In précis, during her speech at Jamestown Foundation, Alisha Ryu hit the nail on the head that Ethiopia’s advances towards Somalia were prematurely motivated by strategic interests. http://www.jamestown.org/events_details.php?event_id=27.  US foundations, by their own profile, fund research on various parts in the world as part of US’ own national security and foreign policy interests. It is to our naivety to believe their opinions on the Ethiopian invasion as sympathy to avoid further blood shed in Somalia. In fact, it is a tactical guide to avoid aggravating the armed operation to human catastrophe which might attract the international community attention before accomplishing the regional strategic mission. It is meant for Ethiopia to hit hard, fast and furious but carefully unnoticeable to finalise the operation and dominate it. Reporters and political analysts, researches and advisers of the US foreign policy are more anxious and concerned to combat potential terror flux or safe haven in the region than Somalia’s security and stability. Experts at these foundations are solemnly committed to place the political dimension and trend in the horn of Africa under magnifying glass, scrutinising any possible threat of Islamist movements, albeit peaceful, in the region. Hence advise the US policy-makers to finance both direct and indirect armed operations of the Ethiopian invasion type.

 

 No matter, how many innocents die in the operation? In Alishu’s report, one finds out that the gap of misunderstanding between the TFG and the ICU has been deliberately widened and subsequently invasion prompted for purpose. A very critical issue is that the Ethiopian occupation forces overwhelmed the TFG itself, in its overall dominion on matters of internal policy making. Under the war on terror operation, Ethiopia has reciprocal relationship with authorities both in the north and the south in rounding up and extraditing Ethiopia’s suspected oppositionists and combatants.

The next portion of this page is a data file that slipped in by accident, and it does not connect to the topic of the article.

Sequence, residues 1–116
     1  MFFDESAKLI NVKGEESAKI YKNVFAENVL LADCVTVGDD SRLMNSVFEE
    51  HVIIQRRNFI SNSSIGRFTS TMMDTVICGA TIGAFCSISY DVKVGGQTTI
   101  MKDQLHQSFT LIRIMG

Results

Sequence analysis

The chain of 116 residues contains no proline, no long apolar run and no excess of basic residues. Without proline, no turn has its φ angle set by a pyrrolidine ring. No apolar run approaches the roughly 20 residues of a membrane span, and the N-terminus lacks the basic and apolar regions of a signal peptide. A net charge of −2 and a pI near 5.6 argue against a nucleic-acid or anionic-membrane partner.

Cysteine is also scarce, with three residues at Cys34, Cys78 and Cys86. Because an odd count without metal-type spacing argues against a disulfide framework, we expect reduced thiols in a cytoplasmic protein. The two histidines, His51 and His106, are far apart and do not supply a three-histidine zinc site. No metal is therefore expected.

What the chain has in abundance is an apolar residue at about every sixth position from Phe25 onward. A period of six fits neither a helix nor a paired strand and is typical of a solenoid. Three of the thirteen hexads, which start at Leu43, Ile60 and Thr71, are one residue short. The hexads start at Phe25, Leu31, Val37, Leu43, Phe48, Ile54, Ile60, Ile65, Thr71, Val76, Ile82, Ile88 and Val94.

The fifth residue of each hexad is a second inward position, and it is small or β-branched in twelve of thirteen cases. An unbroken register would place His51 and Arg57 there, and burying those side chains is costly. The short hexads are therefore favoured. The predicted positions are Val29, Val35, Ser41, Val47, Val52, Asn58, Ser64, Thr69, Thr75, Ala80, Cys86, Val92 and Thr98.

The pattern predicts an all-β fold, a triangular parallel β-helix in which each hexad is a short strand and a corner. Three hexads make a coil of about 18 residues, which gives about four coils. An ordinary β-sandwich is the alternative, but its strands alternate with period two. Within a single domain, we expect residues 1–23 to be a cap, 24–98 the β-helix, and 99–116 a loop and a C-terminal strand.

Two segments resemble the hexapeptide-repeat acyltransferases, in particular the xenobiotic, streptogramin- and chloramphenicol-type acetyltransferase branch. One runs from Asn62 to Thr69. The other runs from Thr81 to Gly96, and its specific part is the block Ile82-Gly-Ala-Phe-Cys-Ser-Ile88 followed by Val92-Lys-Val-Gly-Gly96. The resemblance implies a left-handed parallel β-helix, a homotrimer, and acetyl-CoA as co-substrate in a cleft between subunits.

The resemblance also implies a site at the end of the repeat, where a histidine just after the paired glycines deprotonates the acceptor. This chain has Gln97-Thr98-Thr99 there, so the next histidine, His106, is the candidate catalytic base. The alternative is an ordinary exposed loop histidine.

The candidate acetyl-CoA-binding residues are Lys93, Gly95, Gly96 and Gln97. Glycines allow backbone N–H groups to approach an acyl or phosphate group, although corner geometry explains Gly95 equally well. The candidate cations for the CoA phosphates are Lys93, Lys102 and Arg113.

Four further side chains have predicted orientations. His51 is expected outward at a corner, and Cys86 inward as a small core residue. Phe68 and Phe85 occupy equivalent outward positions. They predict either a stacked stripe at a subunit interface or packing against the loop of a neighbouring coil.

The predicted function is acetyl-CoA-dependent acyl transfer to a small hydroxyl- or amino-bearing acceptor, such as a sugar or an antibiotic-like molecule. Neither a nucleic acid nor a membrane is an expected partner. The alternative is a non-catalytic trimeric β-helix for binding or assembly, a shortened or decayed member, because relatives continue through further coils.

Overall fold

The Ethiopian campaign is being backed by the US and blessed by other western countries. The extent of thorough influence by Ethiopia in Somalia’s internal affairs clearly demonstrates and reflects on the personal weakness and greed of its so called leaders. In a hierarchy descending order, the US, on most top part, and the West are looking after its own interests in East Africa to prevent a vacuum whereby any Islamic pattern could get ground in Somalia. Not necessarily the least safe haven where Islamic militants could spawn and breed. It gets down to Ethiopia as second in rank; its role is more of pre-emptive strike on possible threats, putting a puppet government in power whereby it could remote control. When it all boils down to the TFG top players, it is just a piece of pie on the pan. The best witness is in ex-premier Gedi’s own words in the news on Aljazeera TV: “Also the government should acknowledge its shortcomings and errors”. The TFG’s greatest mistake was to have brought in Ethiopia which is being viewed as a natural arch-rival by Somalis. Ex-premier Gedi’s most recent statement offering to mediate reconciliation between the TFG and opposition forces is the best ever opportunity road map to peace. TFG and opposition forces to seize an opportunity of talks and negotiation; I would suggest that we forget and forgive our own differences and start focusing on the external challenges. The public opinion seems to be mature enough at this stage to support possible peace and reconciliation. Both the TFG and opposition forces should now look far beyond the mirage of their self-developed hostility. This campaign which is directly apparently spearheaded by Ethiopia and indirectly sponsored by the US is more dangerous than internal conflicts. Brothers in the same house may sometimes misunderstand, differ in opinion and even unscrupulously brawl, but it is shameful that one of them calls for external fighter to slaughter his brother and demolish their shared dwelling. There is still chance to be brave and act in real manhood, shrug off traditional ignorance of clan animosity and individual arrogance.

 

The TFG has come to know that even with the help of Ethiopia it can not play down the majority of the public either represented by the oppositionist forces or naturally dissent the presence of Ethiopia.  The oppositionist forces, besides, now know that being in exile and operating from abroad shall not render them an edge over the ground based TFG backed by Ethiopia. Eritrea is playing host to the oppositionist forces and previously attempted to fight proxy war against Ethiopia only for its own interests, regardless of the oppositionist forces’ success or failure in their struggle against Ethiopia and the TFG. Heads Eritrea would win, that is if the oppositionist forces got victory, tails it would never loose, if the oppositionist forces remained in their current status or perhaps even dispersed apart. In both cases, the losers are the TFG and the opposition forces, while both Eritrea and Ethiopia have definite target and are winners in both heads and tails.


 

Idris Ahmed Osman
E-mail: [email protected]